Week Three – Inquiry Activity: Cecil the Lion

The story I chose to focus on for this Inquiry task, relates to the death of Cecil the lion and the alleged/confessed killer, Walter Palmer. The story has swept across the world and social media in the last week, and continues to be a major focus for news organisations world-wide. At the time of this post, the most recent development in the story is the apology that Walter Palmer has put forth to his dental patents, regarding the incident, and the disruption to their medical care.

In reviewing the lead paragraphs for each story I was surprised to find that they were all very similar in both tone and expression. This is in direct contrast to the Gold Coast Titans exercise that I completed in week one – where the same story had a differing tone from the outset. The stories outlining the events of Cecil’s death and the alleged killer are abundant across all forms of news sources, yet from my readings the values remain largely the same (Dockterman 2015; Levy 2015, Wotchit News, 2015).

It made me wonder about the values of the news and the values of society, and the merge in news stories. The death of Cecil has echoed across the world – rage and disgust have all been directed towards Walter Palmer for his accused role in the incident. From any perspective, it’s a heartbreaking story of a defenceless animal, killed ‘mistakenly’ for ‘sport’. Is there really room for differing values in a story that so clearly presents the tragedy of this animal’s death? In the news, are there new stories that will simply be shaped by the values of human compassion – over the desire to push perspectives or agendas?

The story of Cecil is one that haunts me. It was devastating and I found that as I read more I was only filled with more rage and disgust at the death of this beautiful animal. An article, written by Rose George (2015), summed my feelings up perfectly – and as I type this now I am still filled with the hollow feeling of sadness and loss. It makes me wonder then how could news values be any different towards the sad story of this animal…

References

Cecil the lion in Zimbabwe, (n.d), digital image, AFP/Zimbabwe National Parks, viewed 31 July 2015, http://www.abc.net.au/news/image/6655998-3×2-940×627.jpg

Dockterman, E 2015, ‘Dentist who killed cecil the lion writes letter apologizing to his patients’, TIME, 29 July 2015, viewed 31 July 2015, http://time.com/3977018/cecil-lion-walter-palmer-letter/?xid=IFT-Trending

George, R 2015, ‘The hunter who killed Cecil the lion doesn’t deserve our empathy, The Guardian, 29 July 2015, viewed 31 July 2015, http://www.theguardian.com/commentisfree/2015/jul/29/hunter-killed-cecil-lion-walter-palmer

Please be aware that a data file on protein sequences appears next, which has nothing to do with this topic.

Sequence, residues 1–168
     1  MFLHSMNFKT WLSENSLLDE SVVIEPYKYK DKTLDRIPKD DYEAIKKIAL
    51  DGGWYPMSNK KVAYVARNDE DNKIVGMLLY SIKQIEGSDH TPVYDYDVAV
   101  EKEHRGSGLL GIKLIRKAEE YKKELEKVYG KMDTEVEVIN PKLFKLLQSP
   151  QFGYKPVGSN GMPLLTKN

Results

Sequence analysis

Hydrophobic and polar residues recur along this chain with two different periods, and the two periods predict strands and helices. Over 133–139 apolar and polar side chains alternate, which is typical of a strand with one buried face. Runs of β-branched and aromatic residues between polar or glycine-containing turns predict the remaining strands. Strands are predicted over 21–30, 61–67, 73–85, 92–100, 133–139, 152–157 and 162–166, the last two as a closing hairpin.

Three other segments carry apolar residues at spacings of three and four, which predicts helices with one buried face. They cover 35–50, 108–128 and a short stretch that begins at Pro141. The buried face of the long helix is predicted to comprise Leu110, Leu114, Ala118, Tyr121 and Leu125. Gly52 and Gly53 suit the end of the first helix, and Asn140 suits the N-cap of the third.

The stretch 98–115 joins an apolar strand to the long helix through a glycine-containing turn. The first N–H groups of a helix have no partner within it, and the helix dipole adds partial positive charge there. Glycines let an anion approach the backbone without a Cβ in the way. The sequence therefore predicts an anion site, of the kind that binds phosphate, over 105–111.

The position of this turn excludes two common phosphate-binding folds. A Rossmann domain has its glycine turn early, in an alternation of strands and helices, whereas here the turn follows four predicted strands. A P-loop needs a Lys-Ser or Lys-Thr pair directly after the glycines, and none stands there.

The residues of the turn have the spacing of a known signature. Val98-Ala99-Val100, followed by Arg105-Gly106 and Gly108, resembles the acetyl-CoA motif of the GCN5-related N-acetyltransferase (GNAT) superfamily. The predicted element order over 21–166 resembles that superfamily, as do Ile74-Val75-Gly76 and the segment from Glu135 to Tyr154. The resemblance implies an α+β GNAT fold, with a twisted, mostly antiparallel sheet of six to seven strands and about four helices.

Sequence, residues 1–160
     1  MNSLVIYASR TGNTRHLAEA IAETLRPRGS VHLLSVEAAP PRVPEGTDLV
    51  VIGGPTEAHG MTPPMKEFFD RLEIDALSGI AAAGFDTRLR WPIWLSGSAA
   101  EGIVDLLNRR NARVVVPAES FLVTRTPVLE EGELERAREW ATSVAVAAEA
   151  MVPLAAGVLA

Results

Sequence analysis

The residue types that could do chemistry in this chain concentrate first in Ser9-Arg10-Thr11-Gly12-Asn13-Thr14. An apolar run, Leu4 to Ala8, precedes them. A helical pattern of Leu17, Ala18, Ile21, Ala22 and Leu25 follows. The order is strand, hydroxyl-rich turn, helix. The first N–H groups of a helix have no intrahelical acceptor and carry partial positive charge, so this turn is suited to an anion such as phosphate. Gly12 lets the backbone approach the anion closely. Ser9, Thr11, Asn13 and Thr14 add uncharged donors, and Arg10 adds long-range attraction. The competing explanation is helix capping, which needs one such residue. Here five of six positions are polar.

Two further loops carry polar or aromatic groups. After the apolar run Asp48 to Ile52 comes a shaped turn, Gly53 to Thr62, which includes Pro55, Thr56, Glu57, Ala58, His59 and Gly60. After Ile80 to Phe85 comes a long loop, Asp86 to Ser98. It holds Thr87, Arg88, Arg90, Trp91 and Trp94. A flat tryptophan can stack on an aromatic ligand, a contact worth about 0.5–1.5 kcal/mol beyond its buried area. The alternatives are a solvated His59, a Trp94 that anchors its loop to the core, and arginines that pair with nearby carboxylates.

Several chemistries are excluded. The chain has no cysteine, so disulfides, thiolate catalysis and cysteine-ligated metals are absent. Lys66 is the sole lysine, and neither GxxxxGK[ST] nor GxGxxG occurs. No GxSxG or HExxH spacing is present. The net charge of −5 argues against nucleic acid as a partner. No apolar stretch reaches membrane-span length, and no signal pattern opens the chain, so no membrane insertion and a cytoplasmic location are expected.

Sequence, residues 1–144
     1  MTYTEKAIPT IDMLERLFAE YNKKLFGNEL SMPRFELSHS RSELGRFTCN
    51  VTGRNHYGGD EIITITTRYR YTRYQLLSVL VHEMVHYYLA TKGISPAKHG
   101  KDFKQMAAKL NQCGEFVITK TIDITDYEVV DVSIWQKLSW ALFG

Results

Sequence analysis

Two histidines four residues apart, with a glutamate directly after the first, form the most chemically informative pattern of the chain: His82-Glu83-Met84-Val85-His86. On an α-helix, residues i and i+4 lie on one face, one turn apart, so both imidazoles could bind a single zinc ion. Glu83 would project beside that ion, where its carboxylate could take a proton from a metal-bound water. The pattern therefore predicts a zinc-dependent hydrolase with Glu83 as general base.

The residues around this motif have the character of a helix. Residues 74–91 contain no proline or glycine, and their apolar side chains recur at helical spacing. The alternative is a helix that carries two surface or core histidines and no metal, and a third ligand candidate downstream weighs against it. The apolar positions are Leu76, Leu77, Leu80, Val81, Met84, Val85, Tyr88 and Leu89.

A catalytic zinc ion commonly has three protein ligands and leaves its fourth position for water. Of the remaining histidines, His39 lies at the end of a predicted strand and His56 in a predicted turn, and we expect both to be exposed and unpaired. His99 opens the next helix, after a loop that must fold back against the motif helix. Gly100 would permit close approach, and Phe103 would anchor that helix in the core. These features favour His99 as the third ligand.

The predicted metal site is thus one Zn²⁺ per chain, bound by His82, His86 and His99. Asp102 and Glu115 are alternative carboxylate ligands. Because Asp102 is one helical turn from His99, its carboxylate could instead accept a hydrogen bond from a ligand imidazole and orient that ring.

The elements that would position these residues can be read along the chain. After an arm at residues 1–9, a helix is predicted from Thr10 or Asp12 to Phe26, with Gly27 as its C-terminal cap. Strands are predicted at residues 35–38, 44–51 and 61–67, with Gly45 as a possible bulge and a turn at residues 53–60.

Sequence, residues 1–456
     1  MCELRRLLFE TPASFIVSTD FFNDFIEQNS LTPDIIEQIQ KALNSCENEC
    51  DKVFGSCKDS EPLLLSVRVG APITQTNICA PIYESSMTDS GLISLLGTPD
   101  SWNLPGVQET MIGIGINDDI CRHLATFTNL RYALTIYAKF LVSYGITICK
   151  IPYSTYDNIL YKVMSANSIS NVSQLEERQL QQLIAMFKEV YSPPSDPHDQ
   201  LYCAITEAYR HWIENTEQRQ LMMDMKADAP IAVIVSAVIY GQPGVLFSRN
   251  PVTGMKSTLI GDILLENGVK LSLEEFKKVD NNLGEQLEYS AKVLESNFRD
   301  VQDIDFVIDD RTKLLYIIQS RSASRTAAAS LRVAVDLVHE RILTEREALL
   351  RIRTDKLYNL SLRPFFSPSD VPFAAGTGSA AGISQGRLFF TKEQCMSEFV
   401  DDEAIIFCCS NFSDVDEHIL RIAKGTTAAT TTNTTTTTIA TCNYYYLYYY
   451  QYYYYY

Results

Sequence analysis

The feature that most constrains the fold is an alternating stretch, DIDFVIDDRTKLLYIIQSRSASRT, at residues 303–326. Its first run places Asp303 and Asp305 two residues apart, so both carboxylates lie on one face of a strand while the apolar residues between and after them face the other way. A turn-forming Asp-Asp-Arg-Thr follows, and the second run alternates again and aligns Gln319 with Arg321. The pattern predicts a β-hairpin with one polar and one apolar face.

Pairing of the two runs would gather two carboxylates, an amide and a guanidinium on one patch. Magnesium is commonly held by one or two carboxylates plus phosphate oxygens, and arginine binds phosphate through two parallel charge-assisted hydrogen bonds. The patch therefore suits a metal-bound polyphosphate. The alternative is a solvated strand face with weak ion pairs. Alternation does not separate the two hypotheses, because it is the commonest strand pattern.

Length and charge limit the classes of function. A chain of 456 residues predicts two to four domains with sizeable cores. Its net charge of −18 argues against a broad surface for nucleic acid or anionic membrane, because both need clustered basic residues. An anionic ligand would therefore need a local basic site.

Levy, M 2015, ‘Cecil the lion: dentist Walter Palmer writes apology letter to patients’, Sydney Morning Herald, 30 July, p.10

Wochit News 2015, ‘Dentist apologises for killing Cecil the lion’, video, 29 July 2015, viewed 31 July 2015, https://www.youtube.com/watch?v=cHR5YM_9MdQ

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Week Three – Inquiry Activity: Cecil the Lion

2 thoughts on “Week Three – Inquiry Activity: Cecil the Lion

  1. lynettepope says:

    Hi again Heather. I wanted to let you know I think you made a very valid point in your summary of the articles regarding poor old Cecil the lion: they have all been written with the same tone and from the same angle. It most certainly is in direct contrast to the Gold Coast Titans exercise we did a few weeks ago: those articles were all different depending on who was writing them and who the target audience was. At the end of the day, this just proves that in the case of Cecil the lion, all media outlets have the same target audiences: people who do not agree with the killing of this lion. Great blog entry, I am enjoying reading your blog.

    Liked by 1 person

  2. Hi Heather, once again what a great blog entry. This news piece certainly hit the world news quickly and on a mammoth scale. I agree also with Lynette and yourself, all media outlets have the same angle which is (I believe) fortunate to see. I would hate to read an article that tried to defend this man, or any other disgraceful hunters point of view. One typo I found however, “… the Walter Palmer for his accused role in the incident.” I believe ‘the’ shouldn’t be at the beginning of that sentence. I’m really enjoying reading your blog posts, thank you.

    Liked by 1 person

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